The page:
cover image Mill Town: Reckoning with What Remains

Mill Town: Reckoning with What Remains

Kerri Arsenault. St. Martin’s, $27.99 (348p) ISBN 978-1-250-15593-1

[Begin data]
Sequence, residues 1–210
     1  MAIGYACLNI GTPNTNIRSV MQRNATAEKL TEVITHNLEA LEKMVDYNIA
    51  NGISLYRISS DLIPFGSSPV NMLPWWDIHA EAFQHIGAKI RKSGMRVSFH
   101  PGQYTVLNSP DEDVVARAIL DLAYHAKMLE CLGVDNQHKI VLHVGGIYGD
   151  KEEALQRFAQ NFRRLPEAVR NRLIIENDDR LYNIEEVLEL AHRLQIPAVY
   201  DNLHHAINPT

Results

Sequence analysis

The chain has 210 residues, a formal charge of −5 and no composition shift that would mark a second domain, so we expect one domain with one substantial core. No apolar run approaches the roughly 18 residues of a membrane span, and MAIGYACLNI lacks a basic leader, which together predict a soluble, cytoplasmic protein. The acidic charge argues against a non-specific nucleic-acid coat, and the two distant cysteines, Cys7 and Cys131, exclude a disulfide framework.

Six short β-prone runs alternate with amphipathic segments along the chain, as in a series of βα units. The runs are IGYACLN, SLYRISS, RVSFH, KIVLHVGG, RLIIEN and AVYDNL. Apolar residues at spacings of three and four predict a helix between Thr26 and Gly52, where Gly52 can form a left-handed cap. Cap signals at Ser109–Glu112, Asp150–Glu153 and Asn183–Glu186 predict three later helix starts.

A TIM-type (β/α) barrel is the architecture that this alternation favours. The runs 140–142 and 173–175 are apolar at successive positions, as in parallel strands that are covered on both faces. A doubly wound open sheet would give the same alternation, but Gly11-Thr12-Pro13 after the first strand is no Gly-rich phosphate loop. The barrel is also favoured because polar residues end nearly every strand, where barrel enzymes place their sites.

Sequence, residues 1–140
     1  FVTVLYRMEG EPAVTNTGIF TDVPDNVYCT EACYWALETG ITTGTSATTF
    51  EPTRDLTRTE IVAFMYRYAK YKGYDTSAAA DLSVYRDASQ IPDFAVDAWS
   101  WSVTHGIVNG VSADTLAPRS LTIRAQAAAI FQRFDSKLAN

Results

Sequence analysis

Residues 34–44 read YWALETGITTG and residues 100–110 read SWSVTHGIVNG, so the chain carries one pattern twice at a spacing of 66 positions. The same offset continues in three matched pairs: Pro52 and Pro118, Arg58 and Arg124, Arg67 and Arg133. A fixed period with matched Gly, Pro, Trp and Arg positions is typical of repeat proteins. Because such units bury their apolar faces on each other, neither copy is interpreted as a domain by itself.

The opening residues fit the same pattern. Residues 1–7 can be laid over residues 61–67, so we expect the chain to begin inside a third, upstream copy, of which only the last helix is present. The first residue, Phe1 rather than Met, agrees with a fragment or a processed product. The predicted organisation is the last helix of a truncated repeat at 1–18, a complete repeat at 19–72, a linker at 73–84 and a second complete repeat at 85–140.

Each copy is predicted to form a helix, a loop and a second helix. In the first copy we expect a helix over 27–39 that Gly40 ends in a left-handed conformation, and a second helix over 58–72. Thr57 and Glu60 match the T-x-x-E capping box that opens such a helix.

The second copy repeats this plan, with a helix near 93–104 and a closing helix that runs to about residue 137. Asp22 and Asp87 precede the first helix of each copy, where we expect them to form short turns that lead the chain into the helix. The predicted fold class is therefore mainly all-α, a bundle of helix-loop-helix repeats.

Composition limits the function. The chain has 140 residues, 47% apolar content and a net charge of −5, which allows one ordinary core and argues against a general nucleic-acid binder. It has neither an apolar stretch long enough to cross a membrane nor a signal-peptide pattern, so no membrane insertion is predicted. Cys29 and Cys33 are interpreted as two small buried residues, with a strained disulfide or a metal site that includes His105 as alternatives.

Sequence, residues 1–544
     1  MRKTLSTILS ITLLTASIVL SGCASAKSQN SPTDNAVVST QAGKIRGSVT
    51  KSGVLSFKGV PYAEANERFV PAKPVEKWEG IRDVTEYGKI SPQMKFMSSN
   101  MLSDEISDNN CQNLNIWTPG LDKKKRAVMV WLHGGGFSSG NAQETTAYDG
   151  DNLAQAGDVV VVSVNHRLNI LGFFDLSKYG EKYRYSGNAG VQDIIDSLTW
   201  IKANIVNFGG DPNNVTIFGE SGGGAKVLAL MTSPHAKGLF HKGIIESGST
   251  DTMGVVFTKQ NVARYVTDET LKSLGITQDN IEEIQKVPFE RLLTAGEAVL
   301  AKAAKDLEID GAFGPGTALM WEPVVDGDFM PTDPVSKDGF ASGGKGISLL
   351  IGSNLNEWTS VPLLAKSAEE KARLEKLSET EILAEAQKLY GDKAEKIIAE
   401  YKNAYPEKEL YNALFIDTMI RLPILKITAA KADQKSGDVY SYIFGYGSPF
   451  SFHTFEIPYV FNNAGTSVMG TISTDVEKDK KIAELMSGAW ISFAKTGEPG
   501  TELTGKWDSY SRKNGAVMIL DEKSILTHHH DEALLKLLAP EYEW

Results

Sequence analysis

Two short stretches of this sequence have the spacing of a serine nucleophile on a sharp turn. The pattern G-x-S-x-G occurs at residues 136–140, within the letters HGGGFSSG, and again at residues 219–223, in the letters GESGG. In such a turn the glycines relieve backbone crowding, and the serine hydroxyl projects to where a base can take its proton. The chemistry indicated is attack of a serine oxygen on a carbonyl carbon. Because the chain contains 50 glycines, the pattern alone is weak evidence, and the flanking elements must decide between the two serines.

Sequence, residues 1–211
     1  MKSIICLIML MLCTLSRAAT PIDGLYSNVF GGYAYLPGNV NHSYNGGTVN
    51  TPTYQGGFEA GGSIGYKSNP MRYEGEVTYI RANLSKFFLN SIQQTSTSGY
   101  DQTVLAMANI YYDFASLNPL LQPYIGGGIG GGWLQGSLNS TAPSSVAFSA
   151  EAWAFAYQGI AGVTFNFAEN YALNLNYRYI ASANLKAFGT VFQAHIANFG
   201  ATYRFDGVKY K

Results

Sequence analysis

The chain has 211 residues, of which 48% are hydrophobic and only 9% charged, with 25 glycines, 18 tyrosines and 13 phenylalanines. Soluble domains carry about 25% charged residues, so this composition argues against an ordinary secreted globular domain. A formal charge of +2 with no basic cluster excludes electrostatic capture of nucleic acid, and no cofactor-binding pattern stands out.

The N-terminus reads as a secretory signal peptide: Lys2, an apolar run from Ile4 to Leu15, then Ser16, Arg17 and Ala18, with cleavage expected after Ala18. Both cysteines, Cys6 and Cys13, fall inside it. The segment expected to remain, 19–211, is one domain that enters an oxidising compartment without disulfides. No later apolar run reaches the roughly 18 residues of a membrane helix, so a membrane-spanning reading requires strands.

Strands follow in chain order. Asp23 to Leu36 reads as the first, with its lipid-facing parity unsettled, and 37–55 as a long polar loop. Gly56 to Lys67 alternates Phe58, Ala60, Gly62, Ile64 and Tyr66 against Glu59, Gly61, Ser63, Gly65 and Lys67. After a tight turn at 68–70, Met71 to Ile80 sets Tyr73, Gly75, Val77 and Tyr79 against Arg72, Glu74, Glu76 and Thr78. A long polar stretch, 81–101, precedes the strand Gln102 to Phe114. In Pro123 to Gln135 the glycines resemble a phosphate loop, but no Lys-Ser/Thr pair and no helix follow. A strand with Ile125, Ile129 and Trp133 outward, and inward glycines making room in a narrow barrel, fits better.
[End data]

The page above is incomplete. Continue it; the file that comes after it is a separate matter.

In this powerful investigative memoir, book critic Arsenault examines her relationship with Mexico, Maine, her now-downtrodden hometown. In 2009, Arsenault returned there from Connecticut after her grandfather died; while in this town (pop. 2,600) that owes its existence to a nearby 118-year-old paper mill, she decided to resume research on the Arsenault family’s French-Canadian lineage. She quickly learns of the environmental havoc wrought by the mill, which earned Mexico the nickname of “Cancer Alley,” and uncovers the many obituaries citing people who “died after a battle with cancer” believed to be caused by ash emitted by the mill (dubbed “mill snow”) that also crept into her family’s home. From there, Arsenault embarks on a decade-long probe into the environmental abuses of a company that supported her family for three generations. “The legacies powerful men construct almost always emerge from the debris of other people’s lives,” she writes, yet her inquiry only deepened her bond with Mexico (“We can and probably should go back to confront what made us leave, what made us fall in and out of love with the places that create us, or to see what we left behind”). Arsenault paints a soul-crushing portrait of a place that’s suffered “the smell of death and suffering” almost since its creation. This moving and insightful memoir reminds readers that returning home—“the heart of human identity”—is capable of causing great joy and profound disappointment. (Sept.)